There is so much to do and see at Bletchley that I’ve decided to break up my review into separate parts to keep it manageable. All the details and pictures can be found “here.”:http://wasleys.org.uk/eleanor/presocialhistory/socialhistory/social/social/bletchley_park/index.html
After Block B with information about the Enigma and Bombe machines, these are probably the two most important huts to visit. This was where information from the German Army and Navy was received and interpreted. For increased security, the two processes of decoding and interpretation were kept separate in different huts. Hut 6 received the raw data and deciphering the information. It was then passed to Hut 3 for translation and analysis.
Hut 6 was under the control of Gordon Welchman who had his office here. Raw data from the German army and air force was intercepted by Y stations and sent to Bletchley either by teleprinter or dispatch riders and came to the REGISTRATION ROOM. Messages were sorted to confirm which Enigma unit they were being sent from.
The messages were then passed to the INTERCEPTION CONTROL ROOM which checked that all networks were being covered. If one station had difficulty intercepting signals because of poor reception, another was called to provide backup. Messages were logged and cross indexed to build up a detailed picture of signals from all parts of the German forces.
Before the days of the Bombe, the messages were then sent to the METZ or PAPER STACKING ROOM to test out possible settings for that day’s Enigma keys. Holes were punched in large pieces of paper known as Metz, according to the keys in the various messages. The sheets were then stacked over a light. If the light shone up through a hole it was called a drop indicating what may be the right setting for the Typex machine.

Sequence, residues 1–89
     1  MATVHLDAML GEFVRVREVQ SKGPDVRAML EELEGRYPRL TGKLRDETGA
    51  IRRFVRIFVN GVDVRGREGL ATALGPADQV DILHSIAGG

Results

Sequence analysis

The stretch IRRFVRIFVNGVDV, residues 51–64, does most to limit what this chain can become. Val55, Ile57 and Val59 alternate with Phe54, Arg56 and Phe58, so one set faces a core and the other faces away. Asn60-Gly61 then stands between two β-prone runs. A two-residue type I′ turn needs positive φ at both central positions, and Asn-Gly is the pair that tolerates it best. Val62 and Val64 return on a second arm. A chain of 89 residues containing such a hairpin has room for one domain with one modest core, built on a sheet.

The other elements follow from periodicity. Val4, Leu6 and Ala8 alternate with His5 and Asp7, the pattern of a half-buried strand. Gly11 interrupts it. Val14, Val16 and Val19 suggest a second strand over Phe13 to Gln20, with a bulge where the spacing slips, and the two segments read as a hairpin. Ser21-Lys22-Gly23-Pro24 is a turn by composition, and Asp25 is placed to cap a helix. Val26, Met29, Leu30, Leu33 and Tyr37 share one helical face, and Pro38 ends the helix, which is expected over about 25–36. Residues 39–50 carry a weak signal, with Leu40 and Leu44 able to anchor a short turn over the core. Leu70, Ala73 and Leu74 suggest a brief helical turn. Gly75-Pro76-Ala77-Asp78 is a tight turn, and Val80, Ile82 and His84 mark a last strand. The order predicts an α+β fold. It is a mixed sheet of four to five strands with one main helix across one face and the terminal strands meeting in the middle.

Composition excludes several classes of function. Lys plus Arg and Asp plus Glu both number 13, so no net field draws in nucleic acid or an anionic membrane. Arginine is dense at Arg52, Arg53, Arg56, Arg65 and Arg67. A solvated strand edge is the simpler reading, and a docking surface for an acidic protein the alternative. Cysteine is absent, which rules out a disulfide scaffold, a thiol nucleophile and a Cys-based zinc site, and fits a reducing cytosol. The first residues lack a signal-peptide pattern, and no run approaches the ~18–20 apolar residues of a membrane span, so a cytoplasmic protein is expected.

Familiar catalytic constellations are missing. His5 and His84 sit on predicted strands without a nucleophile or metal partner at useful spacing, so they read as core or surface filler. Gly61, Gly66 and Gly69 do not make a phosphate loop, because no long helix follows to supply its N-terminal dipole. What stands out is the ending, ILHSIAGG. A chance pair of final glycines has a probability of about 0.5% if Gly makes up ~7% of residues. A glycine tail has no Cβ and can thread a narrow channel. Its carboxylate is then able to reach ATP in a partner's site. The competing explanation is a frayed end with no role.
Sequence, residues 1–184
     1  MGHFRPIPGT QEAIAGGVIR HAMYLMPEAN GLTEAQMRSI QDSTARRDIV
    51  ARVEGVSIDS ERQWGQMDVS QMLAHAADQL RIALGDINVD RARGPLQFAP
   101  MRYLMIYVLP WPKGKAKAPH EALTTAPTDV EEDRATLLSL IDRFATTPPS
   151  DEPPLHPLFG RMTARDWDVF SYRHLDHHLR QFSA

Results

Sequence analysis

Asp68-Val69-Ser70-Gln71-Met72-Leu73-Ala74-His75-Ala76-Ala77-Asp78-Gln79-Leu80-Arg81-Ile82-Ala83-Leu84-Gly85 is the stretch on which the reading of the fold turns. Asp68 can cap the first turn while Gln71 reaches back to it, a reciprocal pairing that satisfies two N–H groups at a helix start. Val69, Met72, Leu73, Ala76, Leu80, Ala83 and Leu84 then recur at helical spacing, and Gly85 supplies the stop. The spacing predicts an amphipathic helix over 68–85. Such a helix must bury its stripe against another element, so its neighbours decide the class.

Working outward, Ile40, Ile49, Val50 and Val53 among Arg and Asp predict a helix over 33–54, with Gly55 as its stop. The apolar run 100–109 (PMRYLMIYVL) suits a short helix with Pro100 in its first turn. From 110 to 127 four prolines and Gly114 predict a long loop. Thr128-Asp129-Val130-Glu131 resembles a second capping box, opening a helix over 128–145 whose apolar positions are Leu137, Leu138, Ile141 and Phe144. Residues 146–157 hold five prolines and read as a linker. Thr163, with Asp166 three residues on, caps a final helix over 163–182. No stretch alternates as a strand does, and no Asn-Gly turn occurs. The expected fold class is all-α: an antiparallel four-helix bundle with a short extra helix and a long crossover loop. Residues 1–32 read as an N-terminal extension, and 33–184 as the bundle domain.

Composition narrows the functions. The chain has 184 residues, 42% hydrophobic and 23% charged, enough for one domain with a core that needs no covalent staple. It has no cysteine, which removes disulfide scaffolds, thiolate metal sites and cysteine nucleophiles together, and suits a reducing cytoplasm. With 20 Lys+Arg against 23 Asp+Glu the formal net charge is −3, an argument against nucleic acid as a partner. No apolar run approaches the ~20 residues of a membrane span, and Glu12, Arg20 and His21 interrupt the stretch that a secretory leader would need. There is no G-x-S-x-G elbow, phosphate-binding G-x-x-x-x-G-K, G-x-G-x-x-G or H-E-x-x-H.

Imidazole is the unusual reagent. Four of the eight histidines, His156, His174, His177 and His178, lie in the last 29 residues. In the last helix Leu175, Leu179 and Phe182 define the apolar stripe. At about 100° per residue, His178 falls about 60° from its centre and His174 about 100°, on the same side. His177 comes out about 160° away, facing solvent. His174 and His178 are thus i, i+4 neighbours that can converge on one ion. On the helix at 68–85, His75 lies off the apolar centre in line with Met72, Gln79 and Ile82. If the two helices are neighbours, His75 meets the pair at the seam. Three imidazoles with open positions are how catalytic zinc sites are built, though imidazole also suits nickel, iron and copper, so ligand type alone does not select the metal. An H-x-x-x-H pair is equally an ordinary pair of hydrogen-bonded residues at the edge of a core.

Cribs later became very important for operating the Bombe. Operators in the CRIB ROOM looked for routine phrases like ‘weather report’. One or two messages containing a crib were then selected to be passed onto the Bombe operators in a different building.
Once the Enigma settings had been broken, the messages were sent to the DECODING ROOM. The settings on the Typex machines were adjusted to those of that day’s Enigma machines and the intercepted messages were typed into them. The decoded German messages were then passed through a small tunnel to Hut 3 for translation and evaluation. The unit was headed by Cdr Malcolm G Saunders, a naval officer, who was brought in for his intelligence background and knowledge of German.
The decoded messages from Hut 6 arrived in the DUTY OFFICERS ROOM through a makeshift tunnel. The Duty Officer sorted the messages into order of priority before passing them to the Watch.
There were four Watchkeepers in THE WATCH who were civilians fluent in German and they translated the messages into English. They used their experience to fill in any missing letters from the original transcripts.
They worked closely with army and RAF advisers in the ADVISER’S ROOM who could offer advice on military and technical details. They made sure the correct terminology was used before the messages were passed to the INTELLIGENCE ROOM. As well as assessing and evaluating the information, the Intelligence Officers needed to work out cover stories for the content so the German’s would not know their Enigma codes had been broken. The reports were given the appearance of coming from an MI6 spy codenamed Boniface, who had a network of imaginary agents across Germany.
The information was now ready to be transmitted to MI6 and a limited number of senior army and RAF personnel. The Hut had its own direct secure teleprinter line to London with a back up Typex machine in case the teleprinters broke down. Sixteen WAAF teleprint operators, four WAAF typists and four external messengers worked here.